living-well

Who lives best, and why

May 24, 2011 at 11:40 AM ET

OECD /
Your Better Life Index

Here’s a deep question: How good is life in the country you live in?

Most of the time, economists and experts answer a question like that by looking at statistics such as gross domestic product or the unemployment rate.

Now, a new index from the Organisation for Economic Co-operation and Development is taking a look at quality of life from a broader, and more nuanced, perspective.

The “Your Better Life Index,” a website launching Tuesday, examines the usual markers that life is good, such as housing, income and jobs. But the interactive index of the OECD’s 34 member countries also seeks to quantify how well people live based on more complex factors, such as work-life balance, safety, community and life satisfaction.

So where does the U.S. fall? In areas such as income, housing and governance, we do pretty well. Also, 70 percent of Americans say they are satisfied with their lives, compared with an OECD average of 59 percent.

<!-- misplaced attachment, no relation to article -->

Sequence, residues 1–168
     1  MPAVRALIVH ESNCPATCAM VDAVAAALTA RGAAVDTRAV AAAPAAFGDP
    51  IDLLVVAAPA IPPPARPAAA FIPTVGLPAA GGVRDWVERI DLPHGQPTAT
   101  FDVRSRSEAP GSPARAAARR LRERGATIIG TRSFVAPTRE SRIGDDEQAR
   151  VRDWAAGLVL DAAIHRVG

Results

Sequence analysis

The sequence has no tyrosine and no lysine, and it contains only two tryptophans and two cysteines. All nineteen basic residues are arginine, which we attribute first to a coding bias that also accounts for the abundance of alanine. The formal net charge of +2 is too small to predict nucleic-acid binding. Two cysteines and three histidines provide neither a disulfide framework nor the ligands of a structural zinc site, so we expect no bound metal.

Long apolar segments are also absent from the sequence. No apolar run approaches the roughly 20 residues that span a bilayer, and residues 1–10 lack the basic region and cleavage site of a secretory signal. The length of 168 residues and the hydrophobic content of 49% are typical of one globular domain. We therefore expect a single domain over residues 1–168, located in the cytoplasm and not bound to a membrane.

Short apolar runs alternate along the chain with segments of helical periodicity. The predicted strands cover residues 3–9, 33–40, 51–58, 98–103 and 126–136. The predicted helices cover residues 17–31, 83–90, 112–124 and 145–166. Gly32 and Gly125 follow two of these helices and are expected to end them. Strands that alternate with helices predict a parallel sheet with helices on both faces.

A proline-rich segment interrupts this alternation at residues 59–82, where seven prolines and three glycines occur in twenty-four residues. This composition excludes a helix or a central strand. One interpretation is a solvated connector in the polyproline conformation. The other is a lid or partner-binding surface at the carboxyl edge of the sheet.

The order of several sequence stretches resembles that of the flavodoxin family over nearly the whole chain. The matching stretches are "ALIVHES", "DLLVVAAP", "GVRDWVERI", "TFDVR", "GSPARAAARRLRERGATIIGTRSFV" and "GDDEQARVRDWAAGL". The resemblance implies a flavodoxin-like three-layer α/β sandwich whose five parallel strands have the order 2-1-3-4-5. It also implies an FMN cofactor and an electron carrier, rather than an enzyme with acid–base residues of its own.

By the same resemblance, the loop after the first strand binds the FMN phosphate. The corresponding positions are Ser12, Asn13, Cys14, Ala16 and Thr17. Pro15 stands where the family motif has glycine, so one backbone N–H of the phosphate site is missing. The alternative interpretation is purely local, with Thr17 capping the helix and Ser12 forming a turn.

We fall lower in the rankings in areas such as work-life balance, where we’re outpaced by countries including Canada, Luxembourg and Australia. That maybe partly because we work slightly more hours a year than the OECD average, and we also are the only OECD country that doesn’t have a national paid parental leave policy.

We fare even worse when it comes to health. Our life expectancy – at 77.9 years – is actually one year below the OECD average, and we spend much more than other countries on health care. On the other hand, we are much more likely to self-report that we are in good health.

Curious to see how good life might be in Turkey, Portugal or Slovenia? Take a look at the interactive index here.

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